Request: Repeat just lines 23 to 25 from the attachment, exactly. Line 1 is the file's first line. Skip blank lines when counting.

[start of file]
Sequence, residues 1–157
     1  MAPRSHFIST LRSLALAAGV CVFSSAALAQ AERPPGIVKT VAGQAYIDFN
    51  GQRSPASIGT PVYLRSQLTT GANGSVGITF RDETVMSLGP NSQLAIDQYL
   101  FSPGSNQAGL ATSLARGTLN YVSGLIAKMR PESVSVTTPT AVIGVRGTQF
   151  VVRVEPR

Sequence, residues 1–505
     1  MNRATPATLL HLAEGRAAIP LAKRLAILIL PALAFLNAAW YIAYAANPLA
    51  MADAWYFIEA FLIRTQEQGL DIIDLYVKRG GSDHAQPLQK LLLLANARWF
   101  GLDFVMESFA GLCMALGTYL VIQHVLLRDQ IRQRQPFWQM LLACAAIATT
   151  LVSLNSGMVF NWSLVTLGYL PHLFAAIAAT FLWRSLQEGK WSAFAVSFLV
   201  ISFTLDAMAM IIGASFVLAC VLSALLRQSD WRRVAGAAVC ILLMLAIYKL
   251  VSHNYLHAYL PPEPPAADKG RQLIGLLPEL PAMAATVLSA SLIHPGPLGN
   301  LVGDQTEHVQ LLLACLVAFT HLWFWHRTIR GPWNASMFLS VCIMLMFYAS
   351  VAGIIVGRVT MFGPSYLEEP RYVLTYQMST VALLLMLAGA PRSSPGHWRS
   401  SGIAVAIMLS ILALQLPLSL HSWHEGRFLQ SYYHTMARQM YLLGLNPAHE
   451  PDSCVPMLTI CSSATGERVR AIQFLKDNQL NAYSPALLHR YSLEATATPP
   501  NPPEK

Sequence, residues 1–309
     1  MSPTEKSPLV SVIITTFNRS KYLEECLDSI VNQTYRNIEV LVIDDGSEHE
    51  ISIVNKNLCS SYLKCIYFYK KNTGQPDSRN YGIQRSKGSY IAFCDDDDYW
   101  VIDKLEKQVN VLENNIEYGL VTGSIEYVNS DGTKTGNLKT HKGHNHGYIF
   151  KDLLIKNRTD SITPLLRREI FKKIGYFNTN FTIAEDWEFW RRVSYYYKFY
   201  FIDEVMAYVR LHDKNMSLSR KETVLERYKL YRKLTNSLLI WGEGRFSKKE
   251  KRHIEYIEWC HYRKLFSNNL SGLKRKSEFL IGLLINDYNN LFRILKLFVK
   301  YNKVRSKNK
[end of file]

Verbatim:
   201  FIDEVMAYVR LHDKNMSLSR KETVLERYKL YRKLTNSLLI WGEGRFSKKE
   251  KRHIEYIEWC HYRKLFSNNL SGLKRKSEFL IGLLINDYNN LFRILKLFVK
   301  YNKVRSKNK